Gascon says crime lab troubles are over


Gascon shut down the crime lab after a criminalist stole cocaine evidence. Seven hundred seventy drug cases were dropped, cases the district attorney hopes to salvage through re-testing.

Friday, Gascon said new safeguards will prevent this from happening again.

"This has been a very thorough process, we have left no stone unturned," Gascon said.

Gascon says the crime lab will continue analyzing DNA and firearms evidence and that he will hire another supervisor and two more criminalists to help prevent backlogs.

Capt. David Lazar, who helped re-organize the lab, says there is already progress.

"There is no backlog in the homicide section or the sex assault section," Lazar said.

The department will continue farming out drug evidence to outside labs. Right now, it is outsourcing all of it to Alameda's crime lab, but Lazar says they are getting bids from other facilities as well.

"Since March of 2010, we have contracted out 1,889 cases for work and we average approximately 90 cases per week," Lazar said.

Much of the drug analysis is now done through what is called "presumptive testing" in the field by officers trained to analyze suspected narcotics.

Police officials credit the field testing for putting less of a burden on crime labs.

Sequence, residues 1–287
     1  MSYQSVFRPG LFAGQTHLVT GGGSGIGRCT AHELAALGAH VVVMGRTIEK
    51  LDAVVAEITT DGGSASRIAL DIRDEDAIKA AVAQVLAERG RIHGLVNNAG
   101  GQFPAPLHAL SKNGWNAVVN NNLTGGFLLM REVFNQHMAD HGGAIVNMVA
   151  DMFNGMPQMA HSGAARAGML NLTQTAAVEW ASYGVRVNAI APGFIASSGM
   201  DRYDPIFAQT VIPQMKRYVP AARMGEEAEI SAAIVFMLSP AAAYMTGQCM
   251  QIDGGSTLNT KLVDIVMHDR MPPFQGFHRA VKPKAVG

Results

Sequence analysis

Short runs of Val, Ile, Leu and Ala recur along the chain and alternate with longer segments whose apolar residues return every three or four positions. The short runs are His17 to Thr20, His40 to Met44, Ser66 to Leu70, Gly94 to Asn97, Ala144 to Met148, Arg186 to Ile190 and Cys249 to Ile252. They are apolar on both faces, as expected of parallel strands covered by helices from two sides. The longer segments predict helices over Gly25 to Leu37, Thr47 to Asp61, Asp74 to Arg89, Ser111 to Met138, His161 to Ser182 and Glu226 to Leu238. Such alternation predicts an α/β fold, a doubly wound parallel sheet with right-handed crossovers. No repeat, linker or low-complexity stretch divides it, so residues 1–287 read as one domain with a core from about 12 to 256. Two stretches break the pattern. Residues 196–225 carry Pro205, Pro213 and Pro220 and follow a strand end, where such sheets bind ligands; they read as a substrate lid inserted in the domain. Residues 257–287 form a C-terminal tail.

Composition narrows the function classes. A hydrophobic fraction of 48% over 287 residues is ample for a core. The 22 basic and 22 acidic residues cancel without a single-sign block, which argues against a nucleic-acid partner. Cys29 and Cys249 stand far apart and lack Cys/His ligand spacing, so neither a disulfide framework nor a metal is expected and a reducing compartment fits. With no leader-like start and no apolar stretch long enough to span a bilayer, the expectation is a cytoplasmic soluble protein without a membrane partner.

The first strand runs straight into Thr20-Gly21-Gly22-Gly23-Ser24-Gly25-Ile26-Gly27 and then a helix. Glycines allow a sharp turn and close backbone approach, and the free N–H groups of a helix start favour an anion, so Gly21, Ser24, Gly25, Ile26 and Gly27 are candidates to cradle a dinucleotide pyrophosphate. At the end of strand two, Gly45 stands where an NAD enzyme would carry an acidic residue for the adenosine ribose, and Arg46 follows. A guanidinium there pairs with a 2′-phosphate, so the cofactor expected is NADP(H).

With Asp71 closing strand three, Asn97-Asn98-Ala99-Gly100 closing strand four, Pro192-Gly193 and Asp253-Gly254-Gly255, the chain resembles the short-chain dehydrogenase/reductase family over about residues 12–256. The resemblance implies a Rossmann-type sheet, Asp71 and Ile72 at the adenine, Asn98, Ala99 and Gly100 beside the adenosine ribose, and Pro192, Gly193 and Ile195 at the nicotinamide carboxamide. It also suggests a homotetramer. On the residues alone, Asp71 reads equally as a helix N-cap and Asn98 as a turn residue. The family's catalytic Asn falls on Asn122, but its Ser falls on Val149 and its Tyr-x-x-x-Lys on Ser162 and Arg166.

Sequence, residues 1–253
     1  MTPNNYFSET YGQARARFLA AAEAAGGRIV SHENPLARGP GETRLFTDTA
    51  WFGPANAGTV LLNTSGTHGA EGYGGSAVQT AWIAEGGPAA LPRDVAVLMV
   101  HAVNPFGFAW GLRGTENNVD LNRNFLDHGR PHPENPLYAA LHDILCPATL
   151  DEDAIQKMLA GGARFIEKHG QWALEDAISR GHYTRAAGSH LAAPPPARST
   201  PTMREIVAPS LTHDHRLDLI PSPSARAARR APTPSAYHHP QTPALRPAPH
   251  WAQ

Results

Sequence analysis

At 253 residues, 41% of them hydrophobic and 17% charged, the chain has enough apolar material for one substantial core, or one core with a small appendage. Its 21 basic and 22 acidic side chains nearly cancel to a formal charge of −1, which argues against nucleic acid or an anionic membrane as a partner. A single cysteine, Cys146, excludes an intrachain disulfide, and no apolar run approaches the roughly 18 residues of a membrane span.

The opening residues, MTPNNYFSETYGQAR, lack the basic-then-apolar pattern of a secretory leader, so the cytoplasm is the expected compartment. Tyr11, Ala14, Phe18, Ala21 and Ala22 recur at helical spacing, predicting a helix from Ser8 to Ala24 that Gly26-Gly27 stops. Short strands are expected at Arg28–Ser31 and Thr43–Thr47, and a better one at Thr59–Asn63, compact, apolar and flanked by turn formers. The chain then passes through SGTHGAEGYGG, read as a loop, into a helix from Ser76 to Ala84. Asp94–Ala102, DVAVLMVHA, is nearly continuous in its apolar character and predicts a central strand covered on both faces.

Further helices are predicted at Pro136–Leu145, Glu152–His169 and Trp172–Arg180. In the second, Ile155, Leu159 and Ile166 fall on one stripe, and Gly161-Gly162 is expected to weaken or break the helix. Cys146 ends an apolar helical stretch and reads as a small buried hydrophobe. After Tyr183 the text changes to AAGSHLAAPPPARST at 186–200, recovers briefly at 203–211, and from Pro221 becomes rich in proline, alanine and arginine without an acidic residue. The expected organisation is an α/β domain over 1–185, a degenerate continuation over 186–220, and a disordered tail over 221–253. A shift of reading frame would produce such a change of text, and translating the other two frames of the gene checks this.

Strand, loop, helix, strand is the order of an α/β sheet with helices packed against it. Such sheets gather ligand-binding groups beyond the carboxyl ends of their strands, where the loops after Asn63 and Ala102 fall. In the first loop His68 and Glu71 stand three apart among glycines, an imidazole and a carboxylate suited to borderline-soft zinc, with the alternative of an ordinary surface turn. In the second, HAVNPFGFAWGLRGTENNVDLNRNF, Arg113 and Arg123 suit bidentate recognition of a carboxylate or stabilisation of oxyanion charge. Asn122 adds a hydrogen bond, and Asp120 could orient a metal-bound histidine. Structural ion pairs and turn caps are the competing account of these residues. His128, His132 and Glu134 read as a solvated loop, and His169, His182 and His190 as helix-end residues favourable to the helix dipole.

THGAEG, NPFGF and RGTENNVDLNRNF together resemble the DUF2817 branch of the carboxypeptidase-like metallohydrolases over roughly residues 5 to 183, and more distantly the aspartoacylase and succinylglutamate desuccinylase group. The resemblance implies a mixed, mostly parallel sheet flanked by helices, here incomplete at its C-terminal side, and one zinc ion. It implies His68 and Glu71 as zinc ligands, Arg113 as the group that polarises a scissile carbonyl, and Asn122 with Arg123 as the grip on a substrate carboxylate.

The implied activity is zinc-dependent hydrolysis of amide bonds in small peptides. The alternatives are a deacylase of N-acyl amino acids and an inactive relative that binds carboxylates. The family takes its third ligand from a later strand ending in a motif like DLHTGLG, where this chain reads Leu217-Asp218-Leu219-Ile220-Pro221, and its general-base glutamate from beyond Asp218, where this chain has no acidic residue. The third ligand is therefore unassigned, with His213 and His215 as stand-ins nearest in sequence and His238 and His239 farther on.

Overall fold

"Approximately 600 police officers in San Francisco have been trained in the use of presumptive testing," Lazar said.

Gascon also announced that for the first time in its history the department will now have a written policy that sets out how it will notify the district attorney's office to problem officers who are asked to testify in criminal cases.

The Police Officers Association says the protocols are fair to its members.

"It also assures the community that they're getting a high standard of police officers who are performing their duties on a day in and day out basis," POA spokesperson Kevin Martin said.

The state attorney general's office is reviewing the theft of drugs by criminalist Deborah Madden and whether she should be charged with a crime. A police source tells ABC7 there is a possibility that disciplinary charges may be brought against supervisors at the crime lab.

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